Album Review: Serengeti ‘C.A.R.’
Chicago rapper Serengeti has had a strange career to this point. Despite having a sound that is accessible on many levels and releasing music for over ten years at an incredibly prolific pace, his buzz has remained largely “Under The Underground”, which happens to be a song title on his most popular album Dennehy. His off-the-cuff, humorist style is the focus of all of his releases from his alter ego Kenny Dennis (including the excellent Kenny Dennis EP from earlier this year), but the depth and creative introspection of last year’s LP Family & Friends was Serengeti at his artistic best. All of the incredibly detailed stories and references gave the album a strong emotional core, but when I found out that much of the album was Geti writing half-truths and fiction, I was truly blown away.
Hip hop is nothing if it isn’t a personally revealing genre, but Serengeti forgoes all the trappings of conventional ‘skillz’ and makes his impact in other areas. While his stories may be fictional, they’re told with such conviction and detail that you can’t help but believe them. His flow isn’t complex and he doesn’t draw upon a giant vocabulary, but his subtle wordplay and creative song subjects give his compositions endless replay value. Serengeti’s new album C.A.R. is his second project produced by Anticon’s Jel and Odd Nosdam following the Kenny Dennis EP. While C.A.R.’s analog feel gives the album a bit of a throwback vibe, the album’s musings on relationships make it a spiritual successor to Family & Friends. Jel and Odd Nosdam and their Anticon label are industry outsiders themselves, but represent the most accomplished producers Serengeti has worked with to this point in his career, and they don’t disappoint on C.A.R. Their beats range from melodic bangers to buzzing, dissonant concoctions, but Geti sounds comfortable on everything. His conversational flow and simple rhyme schemes make his verses sound easy to write, but if you really listen to his lyrics and let his concepts reveal themselves, the amount of work he puts in becomes clear.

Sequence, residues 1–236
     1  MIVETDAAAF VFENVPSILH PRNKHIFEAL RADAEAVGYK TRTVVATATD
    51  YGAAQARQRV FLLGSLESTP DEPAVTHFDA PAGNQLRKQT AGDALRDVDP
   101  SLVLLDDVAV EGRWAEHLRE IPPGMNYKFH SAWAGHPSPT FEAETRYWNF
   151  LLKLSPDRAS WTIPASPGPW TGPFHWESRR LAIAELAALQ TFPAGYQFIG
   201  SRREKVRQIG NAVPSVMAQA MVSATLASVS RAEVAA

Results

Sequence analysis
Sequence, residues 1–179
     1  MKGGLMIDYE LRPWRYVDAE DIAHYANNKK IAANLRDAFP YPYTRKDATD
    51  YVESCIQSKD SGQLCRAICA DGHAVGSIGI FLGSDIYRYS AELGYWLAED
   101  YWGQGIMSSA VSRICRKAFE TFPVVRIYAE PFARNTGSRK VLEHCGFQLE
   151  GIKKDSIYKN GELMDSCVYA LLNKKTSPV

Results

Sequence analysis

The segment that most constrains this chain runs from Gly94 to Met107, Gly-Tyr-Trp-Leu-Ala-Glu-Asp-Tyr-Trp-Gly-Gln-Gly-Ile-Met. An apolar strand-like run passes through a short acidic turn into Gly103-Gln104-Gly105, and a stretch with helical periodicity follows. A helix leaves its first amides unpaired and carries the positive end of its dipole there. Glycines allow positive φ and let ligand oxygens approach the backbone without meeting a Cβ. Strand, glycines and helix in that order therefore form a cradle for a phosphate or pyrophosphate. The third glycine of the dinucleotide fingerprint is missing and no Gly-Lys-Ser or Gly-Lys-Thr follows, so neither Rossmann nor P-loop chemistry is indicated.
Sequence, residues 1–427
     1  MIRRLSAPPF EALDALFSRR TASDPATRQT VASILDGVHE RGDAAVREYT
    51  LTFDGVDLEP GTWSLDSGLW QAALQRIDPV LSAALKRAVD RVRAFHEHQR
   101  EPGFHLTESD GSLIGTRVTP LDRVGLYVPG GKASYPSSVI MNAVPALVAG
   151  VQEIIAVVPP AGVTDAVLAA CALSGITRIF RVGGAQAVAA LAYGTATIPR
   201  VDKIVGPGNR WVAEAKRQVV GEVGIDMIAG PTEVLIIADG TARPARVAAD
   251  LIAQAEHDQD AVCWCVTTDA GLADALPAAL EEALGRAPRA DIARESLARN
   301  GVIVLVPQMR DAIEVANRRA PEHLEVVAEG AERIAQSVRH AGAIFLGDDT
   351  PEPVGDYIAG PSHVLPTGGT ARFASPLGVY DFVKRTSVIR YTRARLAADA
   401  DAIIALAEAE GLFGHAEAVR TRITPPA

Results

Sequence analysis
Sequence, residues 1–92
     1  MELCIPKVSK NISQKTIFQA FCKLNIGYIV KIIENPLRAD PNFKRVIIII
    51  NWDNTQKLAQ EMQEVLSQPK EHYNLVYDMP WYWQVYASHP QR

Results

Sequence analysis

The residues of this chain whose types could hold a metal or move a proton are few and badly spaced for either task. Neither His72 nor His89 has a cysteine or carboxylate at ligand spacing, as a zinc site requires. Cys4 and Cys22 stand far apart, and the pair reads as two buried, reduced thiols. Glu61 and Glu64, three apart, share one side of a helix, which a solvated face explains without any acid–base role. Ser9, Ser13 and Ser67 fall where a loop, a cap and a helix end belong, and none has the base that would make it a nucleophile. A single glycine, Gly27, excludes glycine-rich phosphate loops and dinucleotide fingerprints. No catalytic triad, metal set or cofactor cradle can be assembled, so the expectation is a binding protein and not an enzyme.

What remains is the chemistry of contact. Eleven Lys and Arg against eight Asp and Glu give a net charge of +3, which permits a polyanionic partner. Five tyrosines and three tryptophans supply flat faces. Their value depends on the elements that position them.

I highlighted the song “Talk To Me” previously for Thought On Tracks and it’s definitely one of C.A.R.’s standout songs. Geti starts the song by describing his frustration in his music’s niche following before seeming to accept his lot and recognizing there are several ways to look at the world. The combination of frustration and acceptance is a common one on C.A.R., he has every right to be frustrated that his brilliant music isn’t getting the push that it should, but he recognizes that dwelling on the frustration is wasted energy. “Geti Life” is another lyrical tour-de-force that features Geti in prime self-deprecating mode, yearning for a hit record and telling tales of trying to get props (and girls) through his name dropping of more famous musician friends (Jel and Why?’s Yoni Wolf). Serengeti shows off his referential humor towards the end of the track with the lines- “My favorite team is the ’87 Cubs, I love Hawk Dawson, I never felt awesome/ It’s always been a huge problem, I have a huge nose like that woman on Blossom”.
As I mentioned before, Serengeti writes a lot of songs about relationships, specifically with women. His own personal history with women includes divorce and the unexpected death of a long-time girlfriend, so it makes sense that his stories involving women and relationships have a dark edge to them. The difference from most MC’s who’ve experienced hardship though, is that instead of truly baring his soul and writing about his specific experiences, he masks them through his fictional stories. While these stories may not be accounts of his own personal experiences, they feel incredibly real and seem to be at least based around emotions Geti has experienced, if not actual events.